This works very badly on the Mac (and I installed Silverlight to do it).

I got to the second wall - and it now won't let me actually try the solution I've proposed, the stupid hint dialog is still there, the "Step" button is active but does nothing.

Not impressed.
posted by lupus_yonderboy at 10:49 PM on October 23, 2009

I am on Mac, too and it won't allow me to use the F2 command. No workee.
posted by bz at 10:54 PM on October 23, 2009

Yes, that is a lot like work.
posted by Artw at 11:11 PM on October 23, 2009

It's like the board game Robo Rally. I didn't like that game, either.
posted by meadowlark lime at 11:45 PM on October 23, 2009

This is fun!
posted by brundlefly at 11:45 PM on October 23, 2009

I'm on a Mac, works fine for me.
posted by Richard Daly at 12:24 AM on October 24, 2009

Anyone else bugged by it being two clicks rather than true drag and drop?
posted by Artw at 12:27 AM on October 24, 2009

posted by Richard Daly at 1:33 AM on October 24, 2009

Treepour, is the game you are thinking of Chipwits?
posted by HeroZero at 5:02 AM on October 24, 2009

This reminds me of my favorite Myst-type game from back in the day, Obsidian -- specifically, the scene where you had to program a big iron spider-robot to walk around the inside of a cathedral, some of the areas of which would reprogram the robot. I spent ages getting that right, and it was so, so satisfying when I finally did (not least because the music was awesome).

Someone put a playthru of the whole game on YouTube -- the action starts about 5:20 into that clip.

And get outta here, meadowlark lime; Robo Rally is awesome. Well, so long as you've got enough players to reasonably crowd the board anyway.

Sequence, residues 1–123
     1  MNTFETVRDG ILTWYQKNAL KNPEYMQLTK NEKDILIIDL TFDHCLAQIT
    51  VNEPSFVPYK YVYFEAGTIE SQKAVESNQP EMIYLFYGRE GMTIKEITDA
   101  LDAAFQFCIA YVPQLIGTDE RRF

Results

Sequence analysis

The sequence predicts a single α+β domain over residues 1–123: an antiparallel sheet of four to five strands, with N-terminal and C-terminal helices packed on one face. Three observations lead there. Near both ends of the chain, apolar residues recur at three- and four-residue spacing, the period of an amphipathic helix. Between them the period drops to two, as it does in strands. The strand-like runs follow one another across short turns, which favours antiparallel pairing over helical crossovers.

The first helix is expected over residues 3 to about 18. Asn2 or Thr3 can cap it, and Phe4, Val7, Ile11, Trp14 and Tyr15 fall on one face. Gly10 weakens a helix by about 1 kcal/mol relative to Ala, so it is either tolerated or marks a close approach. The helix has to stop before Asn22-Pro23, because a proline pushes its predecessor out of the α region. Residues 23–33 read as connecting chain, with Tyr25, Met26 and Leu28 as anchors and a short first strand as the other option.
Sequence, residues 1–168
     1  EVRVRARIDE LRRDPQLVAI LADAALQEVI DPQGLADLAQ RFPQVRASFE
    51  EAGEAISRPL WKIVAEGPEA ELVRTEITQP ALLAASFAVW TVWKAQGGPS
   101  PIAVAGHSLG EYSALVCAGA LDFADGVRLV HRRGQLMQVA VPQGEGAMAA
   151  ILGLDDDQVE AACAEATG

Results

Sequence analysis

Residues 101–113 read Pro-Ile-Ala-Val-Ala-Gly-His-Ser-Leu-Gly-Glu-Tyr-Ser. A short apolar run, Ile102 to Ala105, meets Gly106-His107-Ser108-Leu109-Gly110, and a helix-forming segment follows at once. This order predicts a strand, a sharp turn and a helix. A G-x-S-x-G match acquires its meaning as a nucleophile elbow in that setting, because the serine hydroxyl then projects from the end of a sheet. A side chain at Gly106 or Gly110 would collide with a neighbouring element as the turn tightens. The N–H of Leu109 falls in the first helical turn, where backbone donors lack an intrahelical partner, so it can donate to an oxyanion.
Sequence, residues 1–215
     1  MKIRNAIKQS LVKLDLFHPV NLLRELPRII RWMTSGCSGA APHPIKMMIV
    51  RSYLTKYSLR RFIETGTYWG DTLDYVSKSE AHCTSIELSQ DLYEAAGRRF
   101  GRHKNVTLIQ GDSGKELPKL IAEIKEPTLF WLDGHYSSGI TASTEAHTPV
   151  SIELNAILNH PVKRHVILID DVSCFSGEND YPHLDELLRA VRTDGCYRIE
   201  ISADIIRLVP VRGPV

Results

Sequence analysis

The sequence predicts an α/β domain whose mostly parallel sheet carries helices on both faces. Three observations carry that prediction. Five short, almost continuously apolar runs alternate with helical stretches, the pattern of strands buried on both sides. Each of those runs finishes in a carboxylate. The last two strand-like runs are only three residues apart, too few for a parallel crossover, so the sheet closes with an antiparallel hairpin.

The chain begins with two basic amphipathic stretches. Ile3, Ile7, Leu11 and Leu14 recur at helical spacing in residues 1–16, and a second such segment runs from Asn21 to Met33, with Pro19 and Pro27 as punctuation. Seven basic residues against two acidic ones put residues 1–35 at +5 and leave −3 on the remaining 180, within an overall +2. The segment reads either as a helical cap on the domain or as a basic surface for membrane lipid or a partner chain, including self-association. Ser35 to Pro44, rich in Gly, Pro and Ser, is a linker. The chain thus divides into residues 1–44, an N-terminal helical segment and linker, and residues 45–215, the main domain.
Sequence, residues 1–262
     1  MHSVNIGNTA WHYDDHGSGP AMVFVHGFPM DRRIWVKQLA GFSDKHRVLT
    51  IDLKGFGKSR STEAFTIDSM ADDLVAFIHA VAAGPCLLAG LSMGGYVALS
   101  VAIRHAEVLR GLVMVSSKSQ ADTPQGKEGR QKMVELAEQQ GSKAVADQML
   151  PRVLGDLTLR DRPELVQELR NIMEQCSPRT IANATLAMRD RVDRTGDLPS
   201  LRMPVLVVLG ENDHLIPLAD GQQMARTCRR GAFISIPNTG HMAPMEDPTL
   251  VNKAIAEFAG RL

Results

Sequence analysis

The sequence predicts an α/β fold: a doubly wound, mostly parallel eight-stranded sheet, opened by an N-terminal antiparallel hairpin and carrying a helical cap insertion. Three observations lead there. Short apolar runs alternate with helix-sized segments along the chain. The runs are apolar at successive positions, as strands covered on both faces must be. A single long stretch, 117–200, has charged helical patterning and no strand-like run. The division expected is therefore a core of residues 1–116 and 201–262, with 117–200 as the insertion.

posted by rifflesby at 5:15 AM on October 24, 2009 [1 favorite]

I had to opt for the javascript version and all I get is a big empty gray box with some controls at the bottom. What's supposed to be in the empty area?
posted by Thorzdad at 5:46 AM on October 24, 2009

Reminds me a little of the Flash game light-Bot (which I'm sure I saw on the blue but my search fails me) but this is much better (although most games can be improved with a cute hopping robot.) I've only played the JS version but I like it so far: clean unobtrusive UI and fun puzzles.

What's supposed to be in the empty area?

In each of the white boxes you can select a move or instruction and an optional color modifier. The color modifier allows you to limit an instruction to a certain square color.
posted by lmm at 6:57 AM on October 24, 2009

In each of the white boxes you can select a move or instruction and an optional color modifier. The color modifier allows you to limit an instruction to a certain square color.

Maybe I'm not getting it...but this is what I have to work with.
posted by Thorzdad at 7:09 AM on October 24, 2009

Hmm. You should be seeing something like this. Do you have another web browser to try with?
posted by lmm at 7:26 AM on October 24, 2009

I've tried it with both Firefox and Safari. Sure, they're both older versions, but this is the javascript version of the game.
posted by Thorzdad at 7:43 AM on October 24, 2009

In the javascript version you click on an empty square in the command queue, and then click the command you want in the mini popup.
posted by BrotherCaine at 3:00 PM on October 24, 2009

Can someone be a more helpful describing the counting or using stacks than the folks in the forum? http://robozzle.com/wiki/Counting.ashx has a suggestion, but it's not helping me implement anything, or understand it. I don't think the puzzle I'm stuck on could use it but I'm not sure.
posted by TuxHeDoh at 3:01 PM on October 24, 2009

THD, let's say you want to get from A to B:
 ___ ___ ___ ___ ___ ___ ___ ___ ___ ___ ___
| r | r | r | r | r | g | g | g | g | g | g |    ---->
| A |   | G | E | C |   |   |   |   |   |   |    facing this way
            |   |   | D | F | H |   | B |
             ... ... ... ...         ...